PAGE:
File Attachments: Brown - Submission2.docx
Authors: Heath A. Brown

Protecting and Monitoring the Population of Florida Manatees (Trichechus manatus latirostris) in Lee County, Florida

Thu, 05/09/2013 - 10:57
Abstract: The Florida manatee is a subspecies of the species West Indian Manatee. It has been listed as Endangered on the basis of a population that has been in decline since the 1800s in Florida. Although, the exact population of Florida manatees is not currently known, biologists have seen a gradual decrease in contrast to the past. This is due to factors such as: watercraft collisions, cold stress, Red Tide, and other human related mortalities. Manatees are protected by several laws and regulations. These include: the Marine Mammal Protection Act, the Florida Manatee Sanctuary Act, and the Endangered Species Act. The goal of this management plan is to increase the Florida manatee population to a stable population and to maintain the population into the future. The objectives are to: investigate the distribution and status of Florida manatees in Lee County by conducting synoptic surveys twice every year; within five years, increase public awareness and education by 25%; within five years, increase the amount of protected and managed manatee habitat by 15%, and within five years, protect and enhance existing populations by identifying and minimizing causes of manatee injury, mortality, and disturbance by decreasing it by 20%.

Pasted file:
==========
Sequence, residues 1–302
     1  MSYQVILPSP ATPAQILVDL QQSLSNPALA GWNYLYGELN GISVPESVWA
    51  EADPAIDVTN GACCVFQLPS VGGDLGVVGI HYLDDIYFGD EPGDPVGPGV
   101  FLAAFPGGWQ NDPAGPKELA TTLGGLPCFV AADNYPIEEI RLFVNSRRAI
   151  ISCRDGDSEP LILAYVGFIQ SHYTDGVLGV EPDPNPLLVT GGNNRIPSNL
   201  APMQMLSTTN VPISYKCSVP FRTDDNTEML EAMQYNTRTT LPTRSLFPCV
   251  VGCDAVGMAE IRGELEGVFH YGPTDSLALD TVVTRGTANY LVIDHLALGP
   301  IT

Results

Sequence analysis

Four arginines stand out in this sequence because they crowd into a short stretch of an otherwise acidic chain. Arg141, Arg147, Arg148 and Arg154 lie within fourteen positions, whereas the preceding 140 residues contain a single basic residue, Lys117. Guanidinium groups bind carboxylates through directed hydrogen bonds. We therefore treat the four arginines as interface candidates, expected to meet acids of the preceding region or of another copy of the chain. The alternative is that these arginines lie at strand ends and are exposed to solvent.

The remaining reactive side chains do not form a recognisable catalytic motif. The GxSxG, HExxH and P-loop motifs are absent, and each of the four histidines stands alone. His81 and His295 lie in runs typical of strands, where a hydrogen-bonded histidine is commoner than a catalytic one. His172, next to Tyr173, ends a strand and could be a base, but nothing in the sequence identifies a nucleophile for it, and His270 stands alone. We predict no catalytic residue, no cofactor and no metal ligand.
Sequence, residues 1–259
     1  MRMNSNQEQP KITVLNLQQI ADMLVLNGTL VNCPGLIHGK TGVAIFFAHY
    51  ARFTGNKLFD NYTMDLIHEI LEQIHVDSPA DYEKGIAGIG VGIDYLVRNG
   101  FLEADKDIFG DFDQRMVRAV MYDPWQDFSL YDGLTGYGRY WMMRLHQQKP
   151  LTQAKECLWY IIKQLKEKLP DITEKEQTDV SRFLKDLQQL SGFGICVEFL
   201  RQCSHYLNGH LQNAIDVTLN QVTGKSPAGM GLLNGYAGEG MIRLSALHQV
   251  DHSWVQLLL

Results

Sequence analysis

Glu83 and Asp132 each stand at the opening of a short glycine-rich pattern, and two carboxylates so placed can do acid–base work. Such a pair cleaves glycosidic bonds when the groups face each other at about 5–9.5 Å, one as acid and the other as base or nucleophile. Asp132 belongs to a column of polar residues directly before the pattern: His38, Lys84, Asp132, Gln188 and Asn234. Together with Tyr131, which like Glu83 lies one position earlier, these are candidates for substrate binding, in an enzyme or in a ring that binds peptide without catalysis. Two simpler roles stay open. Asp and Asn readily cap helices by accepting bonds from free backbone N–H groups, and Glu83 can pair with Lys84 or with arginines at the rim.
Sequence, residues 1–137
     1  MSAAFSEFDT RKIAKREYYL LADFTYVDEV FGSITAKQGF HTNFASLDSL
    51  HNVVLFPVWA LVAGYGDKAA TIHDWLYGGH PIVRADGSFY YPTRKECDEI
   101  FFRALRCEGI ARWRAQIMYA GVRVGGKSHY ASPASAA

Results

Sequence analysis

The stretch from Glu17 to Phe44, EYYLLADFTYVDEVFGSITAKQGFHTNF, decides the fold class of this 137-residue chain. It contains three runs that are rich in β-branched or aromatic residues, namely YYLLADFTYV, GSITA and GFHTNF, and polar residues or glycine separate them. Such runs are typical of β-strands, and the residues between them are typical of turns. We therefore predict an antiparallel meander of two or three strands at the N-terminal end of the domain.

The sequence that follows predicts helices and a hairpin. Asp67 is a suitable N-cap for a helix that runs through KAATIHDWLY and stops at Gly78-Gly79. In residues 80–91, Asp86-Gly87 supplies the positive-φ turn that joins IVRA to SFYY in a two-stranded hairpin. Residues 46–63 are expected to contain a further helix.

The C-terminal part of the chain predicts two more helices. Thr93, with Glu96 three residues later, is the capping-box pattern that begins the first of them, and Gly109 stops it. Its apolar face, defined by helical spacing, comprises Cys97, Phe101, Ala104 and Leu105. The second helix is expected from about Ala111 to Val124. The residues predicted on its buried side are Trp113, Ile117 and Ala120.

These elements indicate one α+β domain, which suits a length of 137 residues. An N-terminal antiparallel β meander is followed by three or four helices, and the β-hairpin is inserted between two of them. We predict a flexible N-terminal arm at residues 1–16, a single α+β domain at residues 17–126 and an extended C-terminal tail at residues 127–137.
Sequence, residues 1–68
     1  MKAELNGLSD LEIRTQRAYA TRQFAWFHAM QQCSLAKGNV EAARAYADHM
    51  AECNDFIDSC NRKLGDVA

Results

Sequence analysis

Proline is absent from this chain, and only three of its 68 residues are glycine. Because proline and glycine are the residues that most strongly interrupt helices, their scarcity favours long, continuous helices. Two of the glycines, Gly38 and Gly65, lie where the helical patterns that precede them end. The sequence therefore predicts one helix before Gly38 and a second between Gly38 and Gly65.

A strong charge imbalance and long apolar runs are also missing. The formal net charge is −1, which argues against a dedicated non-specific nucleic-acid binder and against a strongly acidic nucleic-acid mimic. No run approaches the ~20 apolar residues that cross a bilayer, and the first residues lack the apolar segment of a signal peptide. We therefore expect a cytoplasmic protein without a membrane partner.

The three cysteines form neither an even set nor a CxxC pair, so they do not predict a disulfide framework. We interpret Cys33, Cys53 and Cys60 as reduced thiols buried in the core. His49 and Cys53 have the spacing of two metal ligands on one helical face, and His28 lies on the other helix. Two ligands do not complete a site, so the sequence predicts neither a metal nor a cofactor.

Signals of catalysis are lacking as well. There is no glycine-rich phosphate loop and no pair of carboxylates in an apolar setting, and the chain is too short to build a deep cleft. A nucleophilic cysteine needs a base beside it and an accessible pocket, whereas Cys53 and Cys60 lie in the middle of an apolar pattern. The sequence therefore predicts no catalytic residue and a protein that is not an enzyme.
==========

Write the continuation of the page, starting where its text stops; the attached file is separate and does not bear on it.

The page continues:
Access: Yes
Literary Rights: Off
Major: Fisheries and Wildlife Science
Year: 2013
Authors: Jordan Shypinka

Tasmanian Platypus Management Plan

Fri, 12/06/2013 - 01:12
Abstract: Platypuses are an iconic mammal endemic to Australia (Furlan et al. 2010). They are an integral part of biodiversity of freshwater ecosystems. They are the only living representative of a significant lineage of platypus-like animals with a 60 million year fossil history (Grant and Temple-Smith 2003). Platypuses are regularly seen in Tasmania and promote curiosity and interest. They directly benefit ecotourism. A number of businesses including sanctuaries, wildlife tours, restaurants, cafes, caravan parks and motels benefit from their popularity (Gust and Griffiths 2010). Freshwater resources are essential to sustaining human existence and as a result, anthropogenic activities have severely diminished the quality of freshwater ecosystems worldwide. Physical alteration, habitat loss, water withdrawal, pollution, overexploitation, and the introduction of non-native species all have contributed to the decline in freshwater species (Revenga et al 2005).